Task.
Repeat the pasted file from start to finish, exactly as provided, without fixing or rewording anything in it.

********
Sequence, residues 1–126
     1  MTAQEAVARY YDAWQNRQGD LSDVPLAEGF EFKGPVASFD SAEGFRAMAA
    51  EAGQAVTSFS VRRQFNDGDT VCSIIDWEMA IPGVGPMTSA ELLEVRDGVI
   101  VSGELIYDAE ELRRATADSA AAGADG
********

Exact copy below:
Sequence, residues 1–126
     1  MTAQEAVARY YDAWQNRQGD LSDVPLAEGF EFKGPVASFD SAEGFRAMAA
    51  EAGQAVTSFS VRRQFNDGDT VCSIIDWEMA IPGVGPMTSA ELLEVRDGVI
   101  VSGELIYDAE ELRRATADSA AAGADG